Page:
Have you ever had one of those months? The water heater stops heating, the dishwasher stops washing, and your family ends up on a first-name basis with the nurse at urgent care. Then, as you're driving to work you see smoke seeping out from under your hood. Bad things happen to the best of us, and instead of conveniently spacing themselves out, they almost always come in waves. The important thing is to have a financial life preserver, in the form of an emergency cash fund, at the ready.
Although many people agree that an emergency fund is an essential resource, they're not sure how much to save or where to keep the money. Others wonder how they can find any extra cash to sock away. Some don’t have any emergency savings at all.
How Much Money?
When starting an emergency fund, you'll want to set a target amount. But how much is enough? Unfortunately, there is no "one-size-fits-all" answer. The ideal amount for your emergency fund may depend on your financial situation and lifestyle. For example, if you own your home or provide for dependents, you may be more likely to face financial emergencies. And if the crisis you encounter is a job loss or injury that affects your income, you may need to depend on your emergency fund for an extended period.
How Can I Find It?
If saving several months of income seems an unreasonable goal, don’t despair. Start with a more modest target, such as saving $1,000. Build your savings at regular intervals, a bit at a time. It may help to treat the transaction like a bill you pay each month. Consider setting up an automatic monthly transfer to make self-discipline a matter of course.
You may want to consider paying off any credit card debt before you begin saving. Once you see your savings begin to build, you may be tempted to use the account for something other than an emergency. Don't. Try to budget and prepare separately for more significant expenses you know are coming. Keep your emergency money separate from your checking account so that it's harder to dip into.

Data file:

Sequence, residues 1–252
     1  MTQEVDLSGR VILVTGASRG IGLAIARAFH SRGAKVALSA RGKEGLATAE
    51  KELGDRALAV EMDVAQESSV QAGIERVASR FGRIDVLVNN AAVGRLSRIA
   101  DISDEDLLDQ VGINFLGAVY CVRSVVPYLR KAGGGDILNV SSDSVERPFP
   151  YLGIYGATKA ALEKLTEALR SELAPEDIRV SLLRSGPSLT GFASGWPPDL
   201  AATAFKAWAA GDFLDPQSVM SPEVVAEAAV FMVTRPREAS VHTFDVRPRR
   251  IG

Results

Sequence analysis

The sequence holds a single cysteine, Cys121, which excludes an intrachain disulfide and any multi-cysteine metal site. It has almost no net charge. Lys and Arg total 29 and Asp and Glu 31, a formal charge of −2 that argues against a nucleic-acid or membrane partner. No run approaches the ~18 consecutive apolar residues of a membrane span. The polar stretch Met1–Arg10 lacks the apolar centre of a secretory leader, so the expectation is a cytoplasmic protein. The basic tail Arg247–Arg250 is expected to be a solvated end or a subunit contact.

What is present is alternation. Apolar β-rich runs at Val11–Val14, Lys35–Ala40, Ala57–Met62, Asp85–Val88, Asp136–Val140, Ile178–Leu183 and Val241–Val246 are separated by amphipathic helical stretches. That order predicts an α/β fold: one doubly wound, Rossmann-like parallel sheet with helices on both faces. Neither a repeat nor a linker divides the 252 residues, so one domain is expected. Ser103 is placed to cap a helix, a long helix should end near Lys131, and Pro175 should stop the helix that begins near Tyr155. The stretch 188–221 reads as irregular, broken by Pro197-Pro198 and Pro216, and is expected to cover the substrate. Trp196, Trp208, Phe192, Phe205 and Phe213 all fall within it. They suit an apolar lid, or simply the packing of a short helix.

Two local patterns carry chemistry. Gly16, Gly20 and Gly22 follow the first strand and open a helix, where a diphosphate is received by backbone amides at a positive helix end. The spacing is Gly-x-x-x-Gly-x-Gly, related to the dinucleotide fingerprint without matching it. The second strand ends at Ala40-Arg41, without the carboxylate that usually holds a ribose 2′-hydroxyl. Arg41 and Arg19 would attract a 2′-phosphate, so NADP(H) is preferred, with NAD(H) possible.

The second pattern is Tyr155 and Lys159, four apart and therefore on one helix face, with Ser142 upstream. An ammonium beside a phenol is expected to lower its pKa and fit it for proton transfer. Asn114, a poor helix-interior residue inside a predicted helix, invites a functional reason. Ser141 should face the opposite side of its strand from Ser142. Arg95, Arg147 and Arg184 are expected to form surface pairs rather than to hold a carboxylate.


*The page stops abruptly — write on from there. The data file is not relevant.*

Where Do I Put It?
An emergency fund should be easily accessible, which is why many people choose traditional bank savings accounts. Savings accounts typically offer modest rates of return but are insured by The Federal Deposit Insurance Corporation up to $250,000 per depositor, per institution in principal and interest.
The only thing you can know about unexpected expenses is that they're coming — for everyone. But having an emergency fund may help alleviate the stress and worry associated with a financial crisis. If your emergency savings are not adequate, consider taking steps today to create a cushion for the future.
An independent financial advisor can be a trusted ally who can facilitate putting a sound personal financial plan in place today to help you have a more financially secure tomorrow. Have questions? Get in touch today!
Material discussed is meant for general illustration and/or informational purposes only, and it is not to be construed as investment, tax, or legal advice. Although the information has been gathered from sources believed to be reliable, please note that individual situations can vary. Therefore, the information should be relied upon when coordinated with individual professional advice.